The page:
This highlights the need for further research and also more results to confirm whether results are due to factors such as the seed that was used for the test.
This graph shows the variability of methane potential just from the pit latrine samples used in the study. This variability is also not surprising since we know that the composition of faecal sludge is highly variable.
It also illustrates the need for further research if we are to better understand the methane potential of faecal sludge.
So what does this mean for the anaerobic digestion of faecal sludge?
I’m going to make a division of three levels of implementation based on the scale, the degree of centralization, the required management level and operational skill.
A high level of implementation for all of these categories is centralized. Many digesters of wastewater sludge are located at large centralized wastewater treatment plants.
That’s not optimum for many projects, and medium scale AD plants can work better in our opinion, than large projects. This is particularly the case in many developing nations.
Community (Medium) Scale Faecal Sludge Management
Medium is community scale. Reactors that are not fully optimized for operational parameters and treatment performance, so require less operational input and have a lower capacity.
Household-level Biogas Systems for Faecal Sludge Management
Lower scale household-level AD systems are seen in rural areas. These are characterized as being small, passive systems. They mainly treat manure and food waste with some co-treatment of faecal sludge. There are millions of implementations in India and China. But, these come with mixed results when applied in other areas.
I’m not going to cover household examples in this module as it’s not relevant for our focus on dense urban areas.
Large Centralized Anaerobic Digesters for Faecal Sludge Treatment
So what about the possibility of operating large centralized anaerobic digesters for faecal sludge?
Well, it hasn’t been done before, but to evaluate the feasibility one of the first questions is; “Will there be enough methane potential?”
The following are some basic considerations for designing an anaerobic digester.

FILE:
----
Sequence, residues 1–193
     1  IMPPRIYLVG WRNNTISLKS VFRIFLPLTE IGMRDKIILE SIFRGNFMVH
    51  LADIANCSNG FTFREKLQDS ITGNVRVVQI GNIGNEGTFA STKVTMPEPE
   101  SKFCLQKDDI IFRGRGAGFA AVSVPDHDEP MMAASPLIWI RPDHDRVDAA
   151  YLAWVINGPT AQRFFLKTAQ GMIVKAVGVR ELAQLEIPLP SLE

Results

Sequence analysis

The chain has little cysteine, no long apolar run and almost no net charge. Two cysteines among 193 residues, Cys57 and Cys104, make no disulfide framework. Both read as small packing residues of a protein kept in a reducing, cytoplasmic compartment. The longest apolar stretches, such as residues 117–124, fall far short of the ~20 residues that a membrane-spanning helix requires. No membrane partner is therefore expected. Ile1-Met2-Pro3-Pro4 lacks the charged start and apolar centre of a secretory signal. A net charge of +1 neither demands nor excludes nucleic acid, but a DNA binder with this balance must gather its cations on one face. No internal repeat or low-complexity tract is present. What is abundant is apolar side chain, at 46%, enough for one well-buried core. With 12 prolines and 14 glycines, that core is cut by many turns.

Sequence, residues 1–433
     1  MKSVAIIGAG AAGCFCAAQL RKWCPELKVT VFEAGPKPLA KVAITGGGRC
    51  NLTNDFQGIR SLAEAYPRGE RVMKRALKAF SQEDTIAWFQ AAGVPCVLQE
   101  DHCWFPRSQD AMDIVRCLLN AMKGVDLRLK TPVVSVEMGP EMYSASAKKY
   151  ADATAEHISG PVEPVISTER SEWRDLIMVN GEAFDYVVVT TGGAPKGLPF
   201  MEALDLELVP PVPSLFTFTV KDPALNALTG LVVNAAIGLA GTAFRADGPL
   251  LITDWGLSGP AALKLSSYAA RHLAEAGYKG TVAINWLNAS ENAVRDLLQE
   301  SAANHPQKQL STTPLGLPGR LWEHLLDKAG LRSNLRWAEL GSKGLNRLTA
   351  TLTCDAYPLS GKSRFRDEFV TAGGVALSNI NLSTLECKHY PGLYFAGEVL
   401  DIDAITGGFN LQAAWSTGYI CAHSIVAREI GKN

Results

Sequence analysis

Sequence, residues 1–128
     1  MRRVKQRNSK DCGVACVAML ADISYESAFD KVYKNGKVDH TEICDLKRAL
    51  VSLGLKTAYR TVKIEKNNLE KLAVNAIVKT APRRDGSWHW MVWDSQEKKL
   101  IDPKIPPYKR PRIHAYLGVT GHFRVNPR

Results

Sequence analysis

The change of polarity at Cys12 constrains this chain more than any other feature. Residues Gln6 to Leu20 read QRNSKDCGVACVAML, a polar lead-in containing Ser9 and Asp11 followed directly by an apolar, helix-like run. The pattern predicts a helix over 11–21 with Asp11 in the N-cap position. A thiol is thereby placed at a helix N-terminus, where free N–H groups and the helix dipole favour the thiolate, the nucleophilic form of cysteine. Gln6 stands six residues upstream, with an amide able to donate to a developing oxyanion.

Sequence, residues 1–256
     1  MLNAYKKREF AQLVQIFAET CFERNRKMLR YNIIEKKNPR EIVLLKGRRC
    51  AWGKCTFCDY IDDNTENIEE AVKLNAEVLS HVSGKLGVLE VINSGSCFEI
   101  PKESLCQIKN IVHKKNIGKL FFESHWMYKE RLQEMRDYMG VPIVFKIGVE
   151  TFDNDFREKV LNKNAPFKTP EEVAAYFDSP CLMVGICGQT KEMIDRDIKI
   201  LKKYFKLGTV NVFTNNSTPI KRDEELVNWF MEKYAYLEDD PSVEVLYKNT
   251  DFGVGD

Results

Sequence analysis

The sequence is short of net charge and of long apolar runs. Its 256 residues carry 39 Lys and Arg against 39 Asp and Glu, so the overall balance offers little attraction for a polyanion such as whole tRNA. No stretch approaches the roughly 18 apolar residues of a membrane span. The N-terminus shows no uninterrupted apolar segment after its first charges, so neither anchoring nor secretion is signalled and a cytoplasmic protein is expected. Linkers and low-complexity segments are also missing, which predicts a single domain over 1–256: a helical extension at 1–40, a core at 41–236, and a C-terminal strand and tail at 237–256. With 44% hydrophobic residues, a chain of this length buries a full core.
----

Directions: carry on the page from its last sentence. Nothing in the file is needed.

General Considerations for Designing an Anaerobic Digester
First, you know the temperature of the ambient air. Then you have your reactor and you know the temperature you want to operate the reactor at. For example, mesophilic.
You should by this design stage know your loadings. What’s gonna be coming into the reactor. The total solids concentration and mass loading of the sludge.
Degradability of the Sludge
You also know the degradability of the sludge.
Based on this, then you can calculate the reactor volume and you can also calculate the amount of biogas that will be produced, including the methane concentrations.
You can then evaluate whether or not the methane that’s produced is going to be adequate to generate heat. Heat must, for example, always be available to bring the reactor up to the necessary operating temperature.
Need for Data on the Degradability of Each Faecal Sludge
The problem with this is though is that we don’t, with faecal sludge, have reliable data for the degradability.
The temperature is critical as it affects the growth of methanogenic bacteria. At lower operating temperatures you need much longer retention times or they cannot grow in the reactor. They will be washed out and you will not get treatment.
Primary wastewater sludge is around 75% to 85% degradable. And secondary sludge, around 70% to 80%.
Degradability is Critically Important for Biogas Plant Viability
If the sludge is not degradable enough there will not be enough methane production to heat the reactor. This is even more of a concern if you want to operate at thermophilic temperatures for pathogen reduction.
Most Efficient Temperatures and SRTs for Digestion
Required temperatures and SRTs for digestion of faecal sludge are questions that need further research. An additional problem that is just as difficult is that anaerobic digestion is easily upset. And as we know, faecal sludge is highly variable.
Q; What are things that can upset a bio-reactor?